Chicago Police Department to expand SWAT team, citing growing need
They’ll give officers who fall short of meeting all of the team’s requirements a chance to support full ‘operators’ while working to meet the standards within one year.
The Chicago Police Department, looking to expand its Special Weapons and Tactics team, has launched a new hiring process for cops to become SWAT officers, allowing those who fall short of passing all of the requirements to provide “heavy-weapon support” as they work to meet the remaining qualifications.
“We are understaffed,” Deputy Chief Sean Loughran said. “For a city our size, we should have a much bigger SWAT team. New York has a vastly larger [team]. So does L.A.”
The city’s 2021 budget provides for 71 SWAT officers, three sergeants and a lieutenant, though Loughran wouldn’t say how many SWAT officers are now on the team or how many the department would like to have.
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He said the team is increasingly busy as beat officers have been trained to call for SWAT in many more life-or-death situations. In the past week, SWAT officers safely ended a hostage situation in which an armed man threatened to kill his ex-girlfriend at a South Side home.
Loughran said Chicago police Supt. David Brown — a former SWAT officer in Dallas — was “sympathetic” with the idea of expanding the team. On Tuesday, Brown approved a change in how the SWAT team is hired. There will now be two skill levels of officers on the team.
“Tier one” will be officers who’ve passed all of the SWAT requirements. They will be full-fledged SWAT “operators” who respond to hostage situations, suicide threats and other high-risk assignments.
The second tier will be cops who were near but fell short of meeting all of the requirements to become operators. They will rove the streets to provide support to SWAT team operators, Loughran said, for instance, establishing perimeters around crime scenes.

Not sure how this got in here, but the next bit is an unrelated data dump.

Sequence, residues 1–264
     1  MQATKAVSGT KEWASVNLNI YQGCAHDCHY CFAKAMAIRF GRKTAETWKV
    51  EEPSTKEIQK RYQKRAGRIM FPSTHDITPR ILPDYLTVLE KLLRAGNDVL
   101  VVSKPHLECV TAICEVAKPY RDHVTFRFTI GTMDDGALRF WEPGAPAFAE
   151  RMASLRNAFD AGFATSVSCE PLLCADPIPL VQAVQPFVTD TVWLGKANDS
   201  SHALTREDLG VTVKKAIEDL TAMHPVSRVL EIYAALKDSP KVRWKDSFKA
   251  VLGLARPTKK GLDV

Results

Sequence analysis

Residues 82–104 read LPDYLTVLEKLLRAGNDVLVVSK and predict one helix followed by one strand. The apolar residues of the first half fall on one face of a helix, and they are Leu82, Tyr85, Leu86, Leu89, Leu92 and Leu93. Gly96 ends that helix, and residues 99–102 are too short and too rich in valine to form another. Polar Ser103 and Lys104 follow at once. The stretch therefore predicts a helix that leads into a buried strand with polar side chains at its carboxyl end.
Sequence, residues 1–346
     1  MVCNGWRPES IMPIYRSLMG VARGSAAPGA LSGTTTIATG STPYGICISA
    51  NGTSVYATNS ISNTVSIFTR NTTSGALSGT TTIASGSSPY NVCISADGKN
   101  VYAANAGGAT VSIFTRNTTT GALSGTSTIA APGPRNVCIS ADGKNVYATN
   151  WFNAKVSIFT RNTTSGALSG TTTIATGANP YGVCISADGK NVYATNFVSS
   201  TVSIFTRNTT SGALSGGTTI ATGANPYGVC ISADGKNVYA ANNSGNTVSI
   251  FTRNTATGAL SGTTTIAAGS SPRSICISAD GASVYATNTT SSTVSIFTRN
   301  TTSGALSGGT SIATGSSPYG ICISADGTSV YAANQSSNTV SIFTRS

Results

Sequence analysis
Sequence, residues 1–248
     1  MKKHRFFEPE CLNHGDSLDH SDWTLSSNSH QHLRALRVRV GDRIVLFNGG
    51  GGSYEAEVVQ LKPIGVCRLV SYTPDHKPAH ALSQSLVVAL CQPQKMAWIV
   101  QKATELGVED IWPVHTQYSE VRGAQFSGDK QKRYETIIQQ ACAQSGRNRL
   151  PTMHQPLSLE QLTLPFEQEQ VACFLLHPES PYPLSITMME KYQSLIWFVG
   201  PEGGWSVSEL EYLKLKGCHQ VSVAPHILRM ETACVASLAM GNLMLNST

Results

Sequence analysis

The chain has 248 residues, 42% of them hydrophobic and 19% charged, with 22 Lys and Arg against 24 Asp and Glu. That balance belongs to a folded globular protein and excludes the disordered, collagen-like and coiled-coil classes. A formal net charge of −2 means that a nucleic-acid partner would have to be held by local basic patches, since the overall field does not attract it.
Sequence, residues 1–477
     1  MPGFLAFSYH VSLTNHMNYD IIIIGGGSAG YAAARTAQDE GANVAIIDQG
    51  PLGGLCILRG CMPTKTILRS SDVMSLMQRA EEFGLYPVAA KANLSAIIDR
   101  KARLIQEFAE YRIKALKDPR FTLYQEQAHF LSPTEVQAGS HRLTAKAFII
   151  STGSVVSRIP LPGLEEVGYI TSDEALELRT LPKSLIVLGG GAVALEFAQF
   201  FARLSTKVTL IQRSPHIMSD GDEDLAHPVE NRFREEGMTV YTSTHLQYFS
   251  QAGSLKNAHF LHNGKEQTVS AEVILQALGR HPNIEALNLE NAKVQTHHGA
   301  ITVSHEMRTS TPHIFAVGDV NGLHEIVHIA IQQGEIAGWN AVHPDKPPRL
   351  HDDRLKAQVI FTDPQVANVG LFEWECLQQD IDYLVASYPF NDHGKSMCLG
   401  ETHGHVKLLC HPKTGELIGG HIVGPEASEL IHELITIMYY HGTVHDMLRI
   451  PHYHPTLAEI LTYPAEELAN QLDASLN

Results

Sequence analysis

Officers in the second tier will have one year to meet the requirements to become operators. But they can be sent back to their original units any time their supervisors feel they aren’t right for the job. If they fail, they will have another chance to apply.
The department is accepting applications for the SWAT team until Jan. 7. Since November, it has been holding one-day SWAT training classes to give patrol officers a sense of what it takes to be on the team, Loughran said. About 20 officers have taken the class every Wednesday. The classes are being offered through the end of the year.
“It takes some of the intimidation factor away,” Loughran said of the one-day classes.
He’s hoping the sessions will result in more applications.
Some cops who’ve been on the SWAT team, speaking on the condition of anonymity, told the Chicago Sun-Times they’re concerned the two-tiered system could weaken the selective program. They said they worry about second-tier SWAT officers being the first to arrive at an emergency scene and that the training would be “watered down.”
Loughran said the new policy won’t lower the standards. He said about 8% of officers nationally meet the requirements to join SWAT teams and that Chicago is about the same. He said he doesn’t expect that to change under the new policy, which he said has been under consideration for about a decade.
In every hiring cycle, Loughran said there were always a handful of officers who barely missed the cut and weren’t allowed to join.
“Some are very, very close,” he said. “These are people we will hold on to for a little bit and bring them along.
“Is this an opportunity for diversity? Yes,” Loughran said. “But we would do our officers a disservice by putting someone into this position just for diversity’s sake.”
Cops seeking to become SWAT operators have to pass a tough physical exam and must show they’re proficient with their handguns and M4 rifles, can work in a gas mask and are unafraid of heights or swimming. They must know how to use tools like acetylene torches, gas-powered saws and rotary hammers.
During testing, the officers must be able to hit their targets at least 80% of the time with a rifle on the firing range, pass a swimming test during which they remove their SWAT gear in deep water, climb a 30-foot ladder to simulate going into the third story of a commercial building and complete two separate training schools before they can become members of the SWAT team.